Why Doesn’t the U.S. Use the Metric System?

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Why Doesn’t the U.S. Use the Metric System?

The United States Constitution states, inِ Section 8 ofِ Article I, thatِ Congress shallِ haveِ the power toِ “fix theِ standard ofِ weights andِ measures.” Deciding onِ a system toِ regulate howِ the U.S.
measured objects, compared lengths, andِ weighed itselfِ was withoutِ a doubt a high priority forِ the founding members ofِ the country.
adopted theِ British Imperial System ofِ measurement (the oneِ still usedِ inِ the country today).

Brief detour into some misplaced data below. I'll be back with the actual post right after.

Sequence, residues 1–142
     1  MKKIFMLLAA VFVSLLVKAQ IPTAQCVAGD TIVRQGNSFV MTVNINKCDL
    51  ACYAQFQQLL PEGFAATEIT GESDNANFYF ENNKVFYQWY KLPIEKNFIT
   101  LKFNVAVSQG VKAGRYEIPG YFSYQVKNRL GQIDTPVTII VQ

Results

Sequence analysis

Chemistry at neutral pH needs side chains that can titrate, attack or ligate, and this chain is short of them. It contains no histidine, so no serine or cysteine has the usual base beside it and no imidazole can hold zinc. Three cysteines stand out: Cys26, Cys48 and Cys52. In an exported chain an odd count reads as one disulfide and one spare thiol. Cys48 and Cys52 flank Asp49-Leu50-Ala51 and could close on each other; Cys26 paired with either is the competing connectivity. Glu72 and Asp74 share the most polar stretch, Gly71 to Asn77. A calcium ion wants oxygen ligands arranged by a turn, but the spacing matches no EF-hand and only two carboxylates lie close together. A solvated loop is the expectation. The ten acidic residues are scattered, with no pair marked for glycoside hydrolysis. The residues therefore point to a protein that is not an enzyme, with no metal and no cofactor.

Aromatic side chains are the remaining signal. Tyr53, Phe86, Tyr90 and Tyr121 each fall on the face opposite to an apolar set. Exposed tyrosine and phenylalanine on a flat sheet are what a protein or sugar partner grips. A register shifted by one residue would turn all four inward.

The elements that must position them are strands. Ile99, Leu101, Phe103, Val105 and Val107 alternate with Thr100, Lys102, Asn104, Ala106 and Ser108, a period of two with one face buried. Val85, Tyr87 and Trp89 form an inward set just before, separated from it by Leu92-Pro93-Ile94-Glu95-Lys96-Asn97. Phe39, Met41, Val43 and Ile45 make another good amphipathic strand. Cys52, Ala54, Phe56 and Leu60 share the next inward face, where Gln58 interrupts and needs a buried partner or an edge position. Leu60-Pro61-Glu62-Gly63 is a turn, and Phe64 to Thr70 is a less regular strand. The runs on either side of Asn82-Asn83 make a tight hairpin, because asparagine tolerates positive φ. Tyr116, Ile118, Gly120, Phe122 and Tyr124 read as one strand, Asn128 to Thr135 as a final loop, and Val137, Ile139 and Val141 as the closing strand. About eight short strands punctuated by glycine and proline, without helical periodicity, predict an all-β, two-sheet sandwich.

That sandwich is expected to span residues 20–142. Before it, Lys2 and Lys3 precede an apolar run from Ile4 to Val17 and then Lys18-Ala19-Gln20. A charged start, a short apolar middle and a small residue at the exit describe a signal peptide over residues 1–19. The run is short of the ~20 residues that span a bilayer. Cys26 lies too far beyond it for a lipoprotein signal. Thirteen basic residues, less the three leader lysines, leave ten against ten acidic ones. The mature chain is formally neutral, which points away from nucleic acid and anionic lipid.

hasn’t adopted theِ metric system areِ simply time andِ money.
When theِ Industrial Revolution began inِ the country, expensive manufacturing plants becameِ a main source ofِ American jobs andِ consumer products.
Because theِ Imperial System (IS) ofِ measurements wasِ inِ place atِ this time, theِ machinery usedِ inِ these factories wasِ developed toِ size inِ IS units; allِ of theِ workers wereِ trained toِ deal withِ IS units; andِ many products wereِ madeِ to feature IS units.

In modern times, mostِ haveِ accepted a joint unit system—teaching children inِ school bothِ the traditionally usedِ IS system andِ the metric system thatِ mostِ of theِ rest ofِ the world uses.
This isِ why U.S.
measuring sticks, orِ rulers, oftenِ containِ bothِ inches andِ centimeters.
Unfortunately forِ metrics fans, widespread acceptance ofِ joint useِ alsoِ means thatِ there likelyِ will beِ no official phasing outِ ofِ the IS system anytime soon.